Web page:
It was a dry summer, filled with new experiences. I was heading home after months of being on the road, hitchhiking, sometimes alone, sometimes with a friend, sometimes with a stranger. It was generally safer with someone, but it was certainly faster when it was more important to get where you were going. I had learned a few new skills this summer, how better to assess the ride before you get in the car, how better to assess the fellow travelers that you meet while putting out your thumb.

I met my first sociopath while waiting for a ride outside of Pocatello, Idaho. Since we were headed in the same direction, I asked if it would be okay to share the next ride. He nodded without saying anything. In fact, he hardly spoke at all.

I had to step up to keep our driver happy and alert, my silent partner sat in the backseat staring out the window, watching sagebrush. At the stops, he ventured nothing more than his name, and that was only because I asked. His name was “Cal.” That’s all he said.

In one small town, we were let off at the leading edge, so we had to walk through the town to the road heading westward. Along the way, we passed a few locals who eyed us with some suspicion. One young guy actually stepped off the curb to avoid us, and the fear on his face was remarkable. “Cal” reached out with his left arm to grab him by his neck and throw him back across the path into a small alley. Then he stomped him. I had read about stomping, but now I was witness to it. A few quick kicks and he was unconscious. “Cal” went through his pockets and found some change and folding money, then we headed to the outskirts.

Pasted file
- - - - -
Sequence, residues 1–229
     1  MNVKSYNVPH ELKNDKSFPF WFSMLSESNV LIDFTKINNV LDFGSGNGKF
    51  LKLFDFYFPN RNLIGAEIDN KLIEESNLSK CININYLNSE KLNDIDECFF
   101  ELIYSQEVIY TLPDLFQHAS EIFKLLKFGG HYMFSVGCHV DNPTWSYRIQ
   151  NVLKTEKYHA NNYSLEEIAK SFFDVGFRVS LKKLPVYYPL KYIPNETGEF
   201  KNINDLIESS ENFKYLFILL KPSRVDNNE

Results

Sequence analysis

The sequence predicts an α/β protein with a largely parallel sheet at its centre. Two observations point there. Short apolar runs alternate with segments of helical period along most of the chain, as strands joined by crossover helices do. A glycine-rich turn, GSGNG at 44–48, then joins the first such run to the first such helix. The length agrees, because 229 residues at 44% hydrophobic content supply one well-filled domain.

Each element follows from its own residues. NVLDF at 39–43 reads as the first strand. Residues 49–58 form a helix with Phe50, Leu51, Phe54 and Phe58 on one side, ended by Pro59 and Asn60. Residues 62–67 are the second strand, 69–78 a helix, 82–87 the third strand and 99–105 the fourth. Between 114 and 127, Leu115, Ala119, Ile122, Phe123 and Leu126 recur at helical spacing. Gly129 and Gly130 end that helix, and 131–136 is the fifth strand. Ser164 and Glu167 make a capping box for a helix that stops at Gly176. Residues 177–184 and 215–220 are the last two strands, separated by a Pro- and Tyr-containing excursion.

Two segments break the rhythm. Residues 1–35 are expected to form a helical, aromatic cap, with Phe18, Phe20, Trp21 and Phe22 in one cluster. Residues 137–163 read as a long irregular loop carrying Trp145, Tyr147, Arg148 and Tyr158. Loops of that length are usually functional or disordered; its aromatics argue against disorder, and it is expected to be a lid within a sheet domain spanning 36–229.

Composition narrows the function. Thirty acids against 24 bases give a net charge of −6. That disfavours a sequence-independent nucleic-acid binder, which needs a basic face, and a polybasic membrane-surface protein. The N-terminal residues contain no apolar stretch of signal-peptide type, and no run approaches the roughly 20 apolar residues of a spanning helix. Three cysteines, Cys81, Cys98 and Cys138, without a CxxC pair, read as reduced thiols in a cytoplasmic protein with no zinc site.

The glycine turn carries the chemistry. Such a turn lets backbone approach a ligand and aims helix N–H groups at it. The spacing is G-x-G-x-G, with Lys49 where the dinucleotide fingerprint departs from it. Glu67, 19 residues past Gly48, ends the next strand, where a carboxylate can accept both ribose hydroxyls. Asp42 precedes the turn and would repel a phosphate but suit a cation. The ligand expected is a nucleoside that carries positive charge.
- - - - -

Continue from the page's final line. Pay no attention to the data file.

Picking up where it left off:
I’m thinking two thoughts. I’m thinking we need a quick ride out of here. And secondly, I wondered what set Cal off? So I asked him.

“Don’t worry, he’ll be out for hours, maybe days. And he won’t be found very quick. And why him? By his actions, he expected it, so I gave it to him. He’s lucky I’m not hungry; sometimes I like to carve away a few snacks for my back pocket.”

I left “Cal” after the next ride, if that was actually his name, and not a destination.

Before heading into the desert, I met up with someone that I had run into weeks before, so we shared some rides on the way west.

A few days later, I called home to let my mother know that I was heading in her direction. She said that she was glad that I had called because she knew that hitchhiking was dangerous. “The police just picked up a hitchhiker that had three human fingers in his back pocket! Can you imagine?” I told her I was safe and that I would see her soon.

Eric and I headed west from Elko, Nevada.

No man’s land has always had an impact on me. Reading about World War I and the ground between the trenches brought up vivid images of a dark, desolate terrain populated by transients moving like ghosts on the Scottish moors. The area between Sparks and Reno, Nevada, at two in the morning, has that same no man’s land quality. There was nothing to see except shadows, the only reality being the repeating spotlights on the road, lit by streetlights stretching far into the distance. Walking silently, in single file, we entered the desolation that led to the biggest little city in the world: Reno.

Eric and I were barely speaking, not that we were angry with each other; it was just that we had no room for communication. We had shriveled up, lost our vital fluids in the heat of the desert. Spiritually shrunken, physically desiccated, yet still walking, still moving forward. The universe reduced to moving from one streetlamp to another. All I knew, all I could see, was contained in the bright circles of light, 30 feet across, illuminating a deserted street. To either side, there were shadows of some other reality. Uncertain and unimportant, they faded in the distance. My goal was the next spot of light, and then the next beyond that.